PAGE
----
It turns out that the Uniform Holidays Bill of 1968 officially set the third Monday of February as the day to celebrate George's birthday. This means that federal workers (and students) always get a 3-day weekend—but it also means that George's birthday is never actually celebrated on his birthday, because the third Monday can never fall later in the month than the 21st. And most of the states dropped Lincoln's birthday, because the bill also established Columbus Day as a new federal holiday.
Of course, a 3-day weekend also means bargains at the local shopping centers. In its depleted and messy shelves, Stonewood Mall tonight showed the ravages of three days of sales and shopping.
The bell in this archway reminds me of some of the California mission bells I have seen. I pass it often as we head to Furman Park for a walk. Somehow it has a sense of history, just the look of it. I remember how fun it was to follow the mission bells of the El Camino Real for a mission trip when my daughter was in the 4th grade.
Although the missions date back to 1769, the mission bells that guide you along El Camino Real were not in place until 1906 when a cast iron 85 pound bell was placed into the ground in concrete at the Iglesia de Nuestra Senora Reina de Los Angeles, also known as the Plaza Church near Union Station in Los Angeles.
I don't know if this bell that I pass almost daily has any historical significance, but it is appealing and reminds me often of the heritage we have in California.
In southern California, everything is spread out so much that most people depend on cars to get around. But for those, such as my daughter, who can't or choose not to drive, the Metro buses provide an alternative.
This is the 115 bus, which runs east and west on Firestone Blvd. through the center of Downey. It starts at the Norwalk Green Line Station just to the east of Downey and continues west all the way to the beach in Playa Del Rey.
For my daughter, it simply means a convenient way to shop at Target or Stonewood Shopping Center.
“Never run after a bus or a man. There will always be another one.”
For all of those people who may have forgotten to get flowers or balloons before this afternoon...it was not too late. It seemed like wherever I went today, there were people set up in parking lots, in front of stores and on street corners offering all sorts of goodies (flowers, balloons, candy bouquets, stuffed animals) to buy for that special person in your life. Even my local grocery store was transformed.
It got me curious about what started it all. There are a few stories... Evidently, sometime around the third century, Emperor Claudius ll outlawed marriage for young men because he felt that unmarried men made better soldiers. Valentine (or Valentinus) understood the law was unjust and defied Claudius. He secretly married any young lovers who came to him. When his actions were discovered, he was put to death.
I'm not sure how our current celebration of Valentine's Day became what it is, but it began with an act of love by a priest who wanted to do the right thing.
Even though it has become pretty commercialized, it is still about wanting to show how we feel about our loved ones by presenting them with a gift—in the name of Valentine.
Whenever I need bike repairs, or parts, or just questioned answered, I stop by Russell's Bike Shop on Firestone Blvd. Tonight, this young girl's whole family was there to pick up her new bike—as soon as the last-minute dusting and polishing was complete.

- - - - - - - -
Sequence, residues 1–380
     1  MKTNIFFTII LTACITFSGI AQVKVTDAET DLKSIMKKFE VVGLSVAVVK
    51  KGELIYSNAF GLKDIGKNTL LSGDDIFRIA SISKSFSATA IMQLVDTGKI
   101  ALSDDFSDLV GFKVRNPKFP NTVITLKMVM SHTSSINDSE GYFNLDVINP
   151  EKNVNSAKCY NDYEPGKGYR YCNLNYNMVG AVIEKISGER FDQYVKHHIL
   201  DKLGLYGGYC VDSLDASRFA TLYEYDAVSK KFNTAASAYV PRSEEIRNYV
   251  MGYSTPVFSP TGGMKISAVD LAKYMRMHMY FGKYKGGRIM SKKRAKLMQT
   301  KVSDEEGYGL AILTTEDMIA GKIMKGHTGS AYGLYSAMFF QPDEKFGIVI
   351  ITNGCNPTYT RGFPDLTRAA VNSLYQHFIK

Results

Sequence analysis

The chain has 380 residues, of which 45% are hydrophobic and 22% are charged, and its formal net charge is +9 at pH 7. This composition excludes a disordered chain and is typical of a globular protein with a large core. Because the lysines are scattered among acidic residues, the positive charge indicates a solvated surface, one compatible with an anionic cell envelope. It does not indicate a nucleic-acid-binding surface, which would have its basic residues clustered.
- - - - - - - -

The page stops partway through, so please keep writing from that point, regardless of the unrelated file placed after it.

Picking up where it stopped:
Right next to busy Firestone Blvd, there's going to be an oasis of eco-friendly green in a few months. The Southern California Gas Company is converting the area in front of its Energy Resource Center to a garden that will showcase a variety of native plants. In addition to the sprinklers being installed here, a rain catcher will capture rain water to use for irrigation.
According to Downey Beat, the garden "... will feature eight types of gardens – fire resistant plants, coastal flowers, sage and chaparral, native ground cover, Mediterranean, riparian meadows, oak woodland understory and edible – complete with paths for visitor access."
It's common to find lots of games and toys at a yard sale. At this neighborhood sale, it looks like this young man is thinking about his academic future.
The last time I personally organized a yard sale, the sale started early on Saturday morning and lasted through Sunday. These days, the sales regularly start on Friday morning. Is this true everywhere now? Given that a large proportion of the population either works or goes to school on Fridays, who shops at these Friday sales?
Still at Rio San Gabriel Riverbed. These are pictures of the power lines along the east side of the bike path. I liked the lines and the repeated patterns. Some of the wires above look like they've taken on a life of their own, almost like some kind of really big toy.
The last post I wrote about La Barca Grill and Cantina was a year ago this month. In that post, construction on the new restaurant had been in progress for a few months, and rumor had it that the new restaurant would be opening in May of that year.
I took this picture last month, in anticipation of the latest rumor of a January opening. I'd driven by several times, and I liked how the late afternoon sun made the building glow. I was going to save this picture to use in combination with some pictures of the inside, when we tried the restaurant out.
But now it's February, and they're still not open. So here's the outside, pretty much finished. Maybe this month I can take you to dinner there.